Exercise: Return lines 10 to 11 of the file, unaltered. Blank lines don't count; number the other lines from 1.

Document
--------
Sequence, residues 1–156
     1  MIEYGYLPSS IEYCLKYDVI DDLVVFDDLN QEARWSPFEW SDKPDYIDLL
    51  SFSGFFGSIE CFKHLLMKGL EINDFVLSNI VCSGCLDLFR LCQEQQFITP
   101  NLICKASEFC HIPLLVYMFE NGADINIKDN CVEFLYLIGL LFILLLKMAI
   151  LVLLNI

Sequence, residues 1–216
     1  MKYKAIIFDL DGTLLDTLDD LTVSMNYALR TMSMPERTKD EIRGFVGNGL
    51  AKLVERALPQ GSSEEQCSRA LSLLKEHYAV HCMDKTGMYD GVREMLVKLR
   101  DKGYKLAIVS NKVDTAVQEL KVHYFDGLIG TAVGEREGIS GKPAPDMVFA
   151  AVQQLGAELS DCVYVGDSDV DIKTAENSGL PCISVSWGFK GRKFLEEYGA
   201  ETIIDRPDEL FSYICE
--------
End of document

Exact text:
   151  AVQQLGAELS DCVYVGDSDV DIKTAENSGL PCISVSWGFK GRKFLEEYGA
   201  ETIIDRPDEL FSYICE